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Former MSU gymnastics coach accused of lying about Larry Nassar's abuses

Witnesses say they told former Michigan State University gymnast Kathie Klages about sex abuse former team doctor Larry Nassar several times over a period of 20 years. Prosecutors say she told Michigan State Police detectives she knew nothing about it.

Now, she is looking for possible prison times.

Klages was charged on Thursday with two counts of lying to an officer as part of a state investigation that aims to hold MSU officials accountable for Nassar's long history of abuse.

Prosecutors allege that Klages lied to investigators about knowing something about Nassar's abuse before 2016, the year IndyStar newspaper in Indianapolis published accusations by a couple of women. She faces a minor charge, punishable by up to two years in prison and a fine of up to $ 5,000, and a felony charge, punishable by up to four years in prison or a fine of up to $ 5,000.

Klages resigned as MSU's female gymnastics coach in February 2017 amid accusations that she had played a role in protecting Nassar. As his legal problems grew, he allegedly asked his young athletes to sign a card for the doctor.

In January, Michigan Attorney General Bill Schuette announced the investigation led by independent special advisor Bill Forsyth, a veteran county prosecutor. At the time, Schuette, the Republican Party's nominee for governor of Michigan this year, promised to examine "every corner" of MSU to discover "who knew what and when, who acted, who did not act, what he did or did." it will not happen, and what should have happened "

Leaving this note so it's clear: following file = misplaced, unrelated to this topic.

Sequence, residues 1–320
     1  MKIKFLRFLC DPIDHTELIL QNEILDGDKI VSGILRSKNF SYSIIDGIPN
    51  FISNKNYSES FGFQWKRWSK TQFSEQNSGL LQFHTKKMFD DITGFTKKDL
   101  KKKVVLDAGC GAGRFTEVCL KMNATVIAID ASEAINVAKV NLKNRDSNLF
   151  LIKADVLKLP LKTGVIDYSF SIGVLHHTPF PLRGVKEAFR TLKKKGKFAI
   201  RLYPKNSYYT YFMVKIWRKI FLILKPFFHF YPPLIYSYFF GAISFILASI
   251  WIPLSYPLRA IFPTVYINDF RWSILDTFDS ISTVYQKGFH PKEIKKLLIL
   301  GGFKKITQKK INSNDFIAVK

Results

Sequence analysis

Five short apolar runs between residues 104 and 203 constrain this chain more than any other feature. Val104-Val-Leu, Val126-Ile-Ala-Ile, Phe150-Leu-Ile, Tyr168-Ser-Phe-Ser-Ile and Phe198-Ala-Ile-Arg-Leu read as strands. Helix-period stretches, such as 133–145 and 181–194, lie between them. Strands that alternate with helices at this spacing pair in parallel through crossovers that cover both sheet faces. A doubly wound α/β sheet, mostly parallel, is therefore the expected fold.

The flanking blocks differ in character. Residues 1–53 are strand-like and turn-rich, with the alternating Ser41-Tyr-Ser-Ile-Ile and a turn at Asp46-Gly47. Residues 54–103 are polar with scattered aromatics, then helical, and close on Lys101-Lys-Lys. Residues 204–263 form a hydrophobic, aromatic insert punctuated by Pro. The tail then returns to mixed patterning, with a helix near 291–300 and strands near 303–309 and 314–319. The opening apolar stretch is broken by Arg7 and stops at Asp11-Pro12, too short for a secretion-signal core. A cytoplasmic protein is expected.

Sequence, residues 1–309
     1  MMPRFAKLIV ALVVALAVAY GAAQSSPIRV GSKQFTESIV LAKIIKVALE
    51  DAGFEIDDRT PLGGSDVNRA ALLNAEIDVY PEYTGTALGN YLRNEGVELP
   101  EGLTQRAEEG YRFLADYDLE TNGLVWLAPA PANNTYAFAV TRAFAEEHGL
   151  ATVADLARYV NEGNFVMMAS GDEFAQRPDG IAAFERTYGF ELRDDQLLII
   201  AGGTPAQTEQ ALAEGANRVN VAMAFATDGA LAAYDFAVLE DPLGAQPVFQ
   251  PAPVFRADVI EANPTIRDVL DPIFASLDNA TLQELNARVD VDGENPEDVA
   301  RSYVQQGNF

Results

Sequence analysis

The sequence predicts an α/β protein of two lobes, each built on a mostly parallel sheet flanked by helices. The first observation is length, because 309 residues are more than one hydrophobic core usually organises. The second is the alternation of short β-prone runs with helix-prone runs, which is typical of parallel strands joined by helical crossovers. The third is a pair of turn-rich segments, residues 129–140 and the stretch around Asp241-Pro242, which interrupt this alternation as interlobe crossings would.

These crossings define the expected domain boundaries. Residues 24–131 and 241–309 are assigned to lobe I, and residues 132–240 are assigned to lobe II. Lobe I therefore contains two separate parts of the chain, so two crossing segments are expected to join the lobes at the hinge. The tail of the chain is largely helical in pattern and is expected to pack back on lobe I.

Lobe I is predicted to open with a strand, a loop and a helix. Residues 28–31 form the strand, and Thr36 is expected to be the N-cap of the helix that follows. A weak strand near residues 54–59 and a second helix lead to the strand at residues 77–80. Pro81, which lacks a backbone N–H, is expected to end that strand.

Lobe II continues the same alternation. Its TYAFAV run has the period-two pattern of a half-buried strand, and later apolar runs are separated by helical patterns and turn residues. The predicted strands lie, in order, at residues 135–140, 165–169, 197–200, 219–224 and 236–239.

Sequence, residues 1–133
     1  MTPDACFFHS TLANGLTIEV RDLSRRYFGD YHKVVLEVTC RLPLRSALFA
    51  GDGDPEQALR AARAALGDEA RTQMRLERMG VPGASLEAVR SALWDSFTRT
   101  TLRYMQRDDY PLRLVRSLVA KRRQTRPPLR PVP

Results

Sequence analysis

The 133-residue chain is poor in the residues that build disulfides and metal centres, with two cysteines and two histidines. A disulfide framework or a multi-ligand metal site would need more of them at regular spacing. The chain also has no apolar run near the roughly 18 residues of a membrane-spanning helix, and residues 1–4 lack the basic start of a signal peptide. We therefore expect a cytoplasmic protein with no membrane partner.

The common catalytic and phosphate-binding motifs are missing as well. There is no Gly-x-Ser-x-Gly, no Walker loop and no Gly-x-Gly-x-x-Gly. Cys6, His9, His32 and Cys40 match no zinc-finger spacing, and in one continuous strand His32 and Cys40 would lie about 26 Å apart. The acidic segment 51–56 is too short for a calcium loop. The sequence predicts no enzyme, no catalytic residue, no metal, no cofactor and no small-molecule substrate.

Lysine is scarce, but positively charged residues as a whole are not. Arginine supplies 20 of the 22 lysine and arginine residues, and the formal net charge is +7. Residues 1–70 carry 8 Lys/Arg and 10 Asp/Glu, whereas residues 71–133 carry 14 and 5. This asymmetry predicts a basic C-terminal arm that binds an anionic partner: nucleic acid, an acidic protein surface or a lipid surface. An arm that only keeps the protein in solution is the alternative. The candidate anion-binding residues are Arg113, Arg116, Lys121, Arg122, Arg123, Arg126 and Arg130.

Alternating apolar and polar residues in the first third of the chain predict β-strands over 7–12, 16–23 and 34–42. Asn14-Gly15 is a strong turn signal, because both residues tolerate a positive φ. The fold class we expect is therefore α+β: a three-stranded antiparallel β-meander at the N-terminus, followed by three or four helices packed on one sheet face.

Since then, Schuette's office says that it interviewed more than 500 people, including teachers and MSU staff and many survivors of the abuse The investigation "remains open and ongoing," the office said in a statement on Thursday.

More than 265 people have accused Nassar of abusing them in their capacity as He served for decades as a team physician at MSU and at USA Gymnastics, which saw the resignation of his entire board of directors immediately after the scandal.

Earlier this year, after long and emotional sentencing hearings, Nassar received 40 to 175 years in prison for seven charges and 40 to 125 years for three other charges.

Another MSU officer, the former dean William Strampel, has also been accused in the scandal or Nassar, like former US gym coach Debbie Van Horn.

Critics argue that MSU did not do enough to address a terrible problem that its officials were supposedly known to weather. A 2015 revision of the US Department of Education. UU From complaints of sexual harassment and assault to MSU, he uncovered a disturbing history of slow responses and lack of action, prompting the school to appoint a designated Title IX coordinator to track such complaints. In light of the Nassar scandal, the Department of Education announced that it would re-investigate the handling of such complaints by the school. The NCAA said it would also look into the matter.

Although months have passed since Nassar's sentences, MSU has not yet returned to normal. The school is still looking for a president to replace Lou Anna Simon, who resigned in January as the accusations against the doctor were on the rise. The school installed former Michigan governor John Engler as Simon's interim replacement, but more than 100 of Nassar's accusers have asked Engler to step aside in the light of emails suggesting he may have known about the abuse before becoming public.

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